Dymock Forest

Visitor information

This ancient woodland consists of a mixture of tree species which provide a stunning display of seasonal colour and provide vital wildlife habitats

Take a walk through Dymock Forest and encounter the rich variety of plants and animals.

Areas of Dymock Forest are SSSI (Site of Special Scientific Interest) and much is noted for its beautiful show of spring flowers, in particular the Wild Daffodils.

This pocket of ancient woodland comprises of some very valuable and rare trees, such as the Sessile Oak and Wild Service. Dymock Forest is also important for rare moths and butterflies;  the pearl-bordered fritillary, wood white as well as the uncommon white admiral are just a few to look out for.

From the main car park at Queenswood, there are two waymarked walking trails: The Lake Walk and The Princes Walk. Dymock is the perfect place for a gentle stroll, with plenty of spots for a picnic.

In order to protect the many habitats and rare species in Dymock, horse riding and mountain biking is not permitted off the main forest roads.

At any time of year, Dymock Forest is a delightful area to explore, offering a wide range of opportunities for ramblers, horse riders, bird watchers and walkers – but especially worth a visit during the daffodil season.

At a glance

  • Walking trails
  • Horse riding
  • Dogs welcome
  • Picnic area

Horse Riding is welcome in Dymock Forest on hard stone tracks only.  

The Dymock Forest Greenway comprises approximately 2.5 miles of high-quality, off-road, waymarked track located within Queens Wood and Hay Wood and 4.5 miles of quiet country lanes and bridleways. The Greenway runs through the barrier entrance from the car park, it has a boulder and a barrier but horses can access around them onto the hard stoned forest road.

There is also a Greenways route which links it to Hay Wood, just the other side of the M50 and is 7 miles long. It runs on forest tracks, country lanes and bridleways.

There are additional costs for a carriage driving permit.  Please contact westengland@forestryengland.uk for more details.

For more information on our facilities, opening times and contact details, please see our visitor information.

This a working forest, from time to time you may come across a working site or encounter a vehicle traveling along a forest road.

The Lake Walk is a 2.5km loop marked by red waymarker posts, guiding you past the lake, with lots of places to stop for a picnic.

The trail is easy and comprises of hard forest roads and smaller side tracks.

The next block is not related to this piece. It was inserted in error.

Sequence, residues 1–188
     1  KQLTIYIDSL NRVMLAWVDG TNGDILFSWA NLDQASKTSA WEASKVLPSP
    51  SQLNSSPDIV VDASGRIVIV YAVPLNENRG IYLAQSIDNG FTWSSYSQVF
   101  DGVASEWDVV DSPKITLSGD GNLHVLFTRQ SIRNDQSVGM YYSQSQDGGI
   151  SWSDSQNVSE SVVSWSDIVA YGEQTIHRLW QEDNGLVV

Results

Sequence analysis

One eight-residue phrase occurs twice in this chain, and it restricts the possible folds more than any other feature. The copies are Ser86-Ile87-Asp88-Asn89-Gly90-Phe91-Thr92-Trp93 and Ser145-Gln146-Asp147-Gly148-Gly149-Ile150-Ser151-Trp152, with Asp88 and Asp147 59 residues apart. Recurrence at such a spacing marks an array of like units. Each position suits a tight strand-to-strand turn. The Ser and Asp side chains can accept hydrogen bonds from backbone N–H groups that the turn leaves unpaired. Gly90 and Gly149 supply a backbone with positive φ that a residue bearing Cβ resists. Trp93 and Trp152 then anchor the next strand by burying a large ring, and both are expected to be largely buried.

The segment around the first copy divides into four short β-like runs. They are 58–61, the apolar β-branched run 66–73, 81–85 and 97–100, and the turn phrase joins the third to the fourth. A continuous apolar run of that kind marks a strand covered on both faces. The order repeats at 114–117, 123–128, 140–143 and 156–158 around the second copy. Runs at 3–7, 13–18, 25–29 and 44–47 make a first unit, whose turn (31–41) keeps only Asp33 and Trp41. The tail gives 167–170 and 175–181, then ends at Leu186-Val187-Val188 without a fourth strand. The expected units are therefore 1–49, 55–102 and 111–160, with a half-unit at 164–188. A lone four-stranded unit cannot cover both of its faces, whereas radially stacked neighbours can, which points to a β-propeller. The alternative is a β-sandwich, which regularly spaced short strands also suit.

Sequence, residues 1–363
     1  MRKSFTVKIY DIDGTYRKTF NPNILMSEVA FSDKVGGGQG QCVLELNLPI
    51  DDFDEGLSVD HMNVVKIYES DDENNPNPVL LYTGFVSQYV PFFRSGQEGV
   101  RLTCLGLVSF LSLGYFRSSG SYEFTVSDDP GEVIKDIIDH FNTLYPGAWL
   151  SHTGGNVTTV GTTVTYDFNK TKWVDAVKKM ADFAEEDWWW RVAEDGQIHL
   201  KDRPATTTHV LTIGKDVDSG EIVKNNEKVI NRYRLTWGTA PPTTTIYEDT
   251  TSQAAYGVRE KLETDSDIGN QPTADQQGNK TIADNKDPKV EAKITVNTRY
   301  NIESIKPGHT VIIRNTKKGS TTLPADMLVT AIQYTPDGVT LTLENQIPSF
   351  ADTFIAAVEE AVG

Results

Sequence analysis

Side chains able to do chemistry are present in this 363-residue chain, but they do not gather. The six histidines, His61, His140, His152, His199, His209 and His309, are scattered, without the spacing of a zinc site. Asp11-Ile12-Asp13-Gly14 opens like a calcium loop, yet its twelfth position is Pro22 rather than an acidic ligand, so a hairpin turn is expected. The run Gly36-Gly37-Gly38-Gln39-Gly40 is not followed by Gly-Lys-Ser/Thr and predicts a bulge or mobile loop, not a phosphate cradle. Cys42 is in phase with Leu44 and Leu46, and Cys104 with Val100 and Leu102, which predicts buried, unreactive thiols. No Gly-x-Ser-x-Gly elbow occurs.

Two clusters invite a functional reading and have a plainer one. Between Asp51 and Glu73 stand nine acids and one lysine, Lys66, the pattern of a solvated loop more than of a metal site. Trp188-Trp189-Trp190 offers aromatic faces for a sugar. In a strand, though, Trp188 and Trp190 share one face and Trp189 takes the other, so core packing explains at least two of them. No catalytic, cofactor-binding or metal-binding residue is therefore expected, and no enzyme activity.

Some sections can become muddy after wet weather.

Enjoy a tasty treat in the forest at Dymock Forest. Just bring along good food and company!

To prevent forest fires and reduce waste, please do not bring any barbecues into our forests.

Starting at Queenswood car park, Princes walk is short 1.5km loop marked by green waymarker posts.

The trail is an easy loop and comprises of hard forest roads and smaller side tracks.

Some sections can become muddy during the wet weather.

Our work

Conifer forest with looking up at the canopy with younger trees below

How we manage Dymock Woods

Dymock Wood is characterised by its diverse array of trees, including oak, ash, beech, and birch. Our conservation efforts aim to protect and enhance the woodland habitat, ensuring its long-term sustainability.

Nearby forests

Broadleaf tree in field autumn

Haugh Woods is a 350 hectare mixed woodland, designated as a Site of Special Scientific Interest (SSSI) due to the rich diversity and nationally recognised for its butterflies and moths, with over 600 species living there! The rare Wood White butterfly and Drab Looper moth thrive in the recently coppiced areas.

Speech House Woods

Visit Speech House Woodland, which is situated close to the most famous building in the Forest of Dean - The Speech House. 

The Speech House was built in 1676 by the King as a "court" where local people could have their say. Regular verderers meetings are still held here to discuss the management of the vert and venison.

Trees in mist

Established in 1915 with trees brought back by the Victorian plant hunter Ernest Wilson from his 1910 explorations of China, The Cyril Hart Arboretum is home to over 200 tree species. 

Originally known as the Speech House Arboretum, it was later renamed the Cyril Hart Arboretum after Dr Cyril Hart who dedicated a lifetime of service to forestry and was a Senior Verderer (1952 – 2009) of the Forest of Dean.

View from Symonds Yat Rock in spring

Discover the ancient hill fort, spot birds of prey and enjoy a snack from the log cabin cafe.

There are waymarked trails linking to the River Wye and over the famous Biblins Bridge, or a choice of circular walks into the forest itself. There is also a cycling trail linking Forest Holidays and Camping in the Forest site at Bracelands to Symonds Yat Rock.

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